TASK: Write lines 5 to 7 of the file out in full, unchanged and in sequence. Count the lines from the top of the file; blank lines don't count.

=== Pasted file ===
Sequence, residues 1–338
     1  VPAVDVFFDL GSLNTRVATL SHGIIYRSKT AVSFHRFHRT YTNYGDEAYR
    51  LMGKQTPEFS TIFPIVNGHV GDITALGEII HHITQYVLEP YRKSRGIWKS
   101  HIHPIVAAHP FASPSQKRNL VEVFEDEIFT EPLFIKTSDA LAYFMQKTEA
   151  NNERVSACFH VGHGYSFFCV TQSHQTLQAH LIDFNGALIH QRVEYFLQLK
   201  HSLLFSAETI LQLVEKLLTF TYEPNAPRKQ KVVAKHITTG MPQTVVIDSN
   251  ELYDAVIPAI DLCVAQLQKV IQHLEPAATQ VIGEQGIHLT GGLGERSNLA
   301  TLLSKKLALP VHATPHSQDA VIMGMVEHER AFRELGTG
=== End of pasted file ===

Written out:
   151  NNERVSACFH VGHGYSFFCV TQSHQTLQAH LIDFNGALIH QRVEYFLQLK
   201  HSLLFSAETI LQLVEKLLTF TYEPNAPRKQ KVVAKHITTG MPQTVVIDSN
   251  ELYDAVIPAI DLCVAQLQKV IQHLEPAATQ VIGEQGIHLT GGLGERSNLA